This is how we identify ourselves. At the moment, I could say that I am an unemployed Welsh, ex-academic, who spends his time blogging and being a house-husband, for example. None of these claims are false. But this identity fails to provide an adequate description of my true nature. This thing, our identity, enables us to find a posture or a position via which we interact with the world. This sense of identity is important, it tells us how we might fit into the world, it gives us a sense of context. We can then, from it, assimilate our world-version. Without a sense of identity, we can feel all at sea. Loss of sense identity is known to cause psychological trauma. In the limit there might be no identity at all or we could take a face from the ancient gallery, as and when we need one. Redundancy, divorce and illness, can all change our identity. Shifting from I am married to I am divorced, freaks people out. It changes the whole outlook and the stories we tell others.

So, we have a Face or social self-image, an Identity, a self-image, how we are perceived by others and our True Nature. Getting to our True Nature ain’t easy. We are rarely what we claim ourselves to be.

Not Losing Face

Quite a while back I used to do a number of personal and team development workshops for Ph.D. students. During these I used to use MBTI, in the sometimes-vain hope of raising awareness. As a part of this I used to ask the participants the ill-defined question;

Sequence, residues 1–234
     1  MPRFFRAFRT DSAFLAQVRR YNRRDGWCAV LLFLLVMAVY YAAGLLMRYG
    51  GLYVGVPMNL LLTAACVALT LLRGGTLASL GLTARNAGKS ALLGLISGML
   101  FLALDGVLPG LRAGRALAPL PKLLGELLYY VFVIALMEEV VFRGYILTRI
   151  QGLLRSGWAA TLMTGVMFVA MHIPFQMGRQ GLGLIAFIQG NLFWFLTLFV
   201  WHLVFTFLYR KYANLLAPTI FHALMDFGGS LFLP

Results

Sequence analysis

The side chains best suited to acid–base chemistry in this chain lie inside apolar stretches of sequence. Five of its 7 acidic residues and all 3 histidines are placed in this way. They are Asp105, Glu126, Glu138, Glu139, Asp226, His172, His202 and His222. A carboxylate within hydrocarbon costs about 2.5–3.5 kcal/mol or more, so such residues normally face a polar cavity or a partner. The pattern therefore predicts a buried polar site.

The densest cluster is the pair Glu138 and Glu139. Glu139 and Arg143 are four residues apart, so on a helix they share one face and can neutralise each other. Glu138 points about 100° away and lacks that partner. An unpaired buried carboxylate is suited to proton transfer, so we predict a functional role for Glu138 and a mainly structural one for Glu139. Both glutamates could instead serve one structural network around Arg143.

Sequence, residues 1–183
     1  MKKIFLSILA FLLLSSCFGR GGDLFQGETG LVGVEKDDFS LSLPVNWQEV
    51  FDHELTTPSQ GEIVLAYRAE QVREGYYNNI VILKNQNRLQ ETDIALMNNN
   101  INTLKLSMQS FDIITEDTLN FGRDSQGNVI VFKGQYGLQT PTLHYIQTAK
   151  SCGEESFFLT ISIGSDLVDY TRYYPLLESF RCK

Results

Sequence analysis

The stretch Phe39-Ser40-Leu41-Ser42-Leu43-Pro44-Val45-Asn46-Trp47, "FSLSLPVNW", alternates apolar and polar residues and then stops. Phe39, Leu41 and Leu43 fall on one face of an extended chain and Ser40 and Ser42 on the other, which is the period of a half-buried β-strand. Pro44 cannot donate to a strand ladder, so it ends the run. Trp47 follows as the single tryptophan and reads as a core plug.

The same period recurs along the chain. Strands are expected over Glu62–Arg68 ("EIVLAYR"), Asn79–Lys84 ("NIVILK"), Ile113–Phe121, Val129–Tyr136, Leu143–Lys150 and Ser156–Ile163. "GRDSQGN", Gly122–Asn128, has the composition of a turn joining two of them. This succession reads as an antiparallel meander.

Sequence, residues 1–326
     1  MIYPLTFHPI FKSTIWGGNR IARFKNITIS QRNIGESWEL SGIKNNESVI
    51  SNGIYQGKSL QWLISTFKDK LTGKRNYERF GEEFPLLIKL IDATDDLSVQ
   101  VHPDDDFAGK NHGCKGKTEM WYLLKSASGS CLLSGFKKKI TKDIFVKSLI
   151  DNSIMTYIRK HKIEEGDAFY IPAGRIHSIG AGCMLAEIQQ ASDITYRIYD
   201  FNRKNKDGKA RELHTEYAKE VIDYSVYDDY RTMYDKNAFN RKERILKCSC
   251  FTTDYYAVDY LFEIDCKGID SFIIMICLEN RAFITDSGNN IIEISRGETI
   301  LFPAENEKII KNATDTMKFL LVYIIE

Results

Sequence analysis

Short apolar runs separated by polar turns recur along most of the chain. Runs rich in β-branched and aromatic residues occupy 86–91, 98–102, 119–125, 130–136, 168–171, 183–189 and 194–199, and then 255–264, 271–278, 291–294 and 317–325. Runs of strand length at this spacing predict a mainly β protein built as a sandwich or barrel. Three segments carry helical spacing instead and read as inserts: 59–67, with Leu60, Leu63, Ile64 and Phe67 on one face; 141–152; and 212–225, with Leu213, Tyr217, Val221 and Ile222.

“In situations of conflict what is your worst fear?”

Around 30-40% of the grouping without fail used to say, “being wrong”, the secondary fear was “losing the argument” followed by the tertiary fear of “death”. All of these self-identified as “T” types. The other part of the audience used to say; “damaging the relationship” and “hurting feelings”. These were the “F” types. The question never mentioned arguments. One “half” was worried about losing face, the other “half” was worried about losing a relationship. Such a simple question split the participants if not down the middle, then at least in two.

I have come to the conclusion that fear of losing face is a major hindrance to learning, to relationship and to world peace. In order to save face people will bomb the shit out of each other. Out goes the chin, a posture is struck, and the button is pressed.

What then is Face? It is another way of saying social self-image. Which is of course yet another one of those conditioned things. The clue is in the name self- image. It isn’t real. Yet people will die for it. They will risk losing a relationship or a loved one over something imaginary. Pride gets in the way. Fear of loss of power that this imaginary face thing apparently confers, prevents them. It is a bit fucked up. But there you go. Many cannot ever admit they are wrong even when the “proof” is strong and high, they will try to brazen it out. Many will lie. If you ever watch one of these “Border Control” TV programmes you will see this in action.  “Why did you tick the no food box?” “I did not think it applied to the ten kilograms of noodles, the two kilograms of nuts etc…in my suitcase.”

This bizarre desire to want to win the “argument” is not uncommon. The fear of losing, isn’t rare. But sometimes in winning there is a much bigger loss than the argument. Is an entire relationship less important than one or more arguments? Discuss….

I am going to come back to Face in more depth tomorrow. But to kick off the thinking a little here are some questions as an excercise:

Am I afraid of losing face?

Have I ever done anything stupid in an attempt to preserve face?

How inventive am I in my efforts not to lose face?

What were the consequences?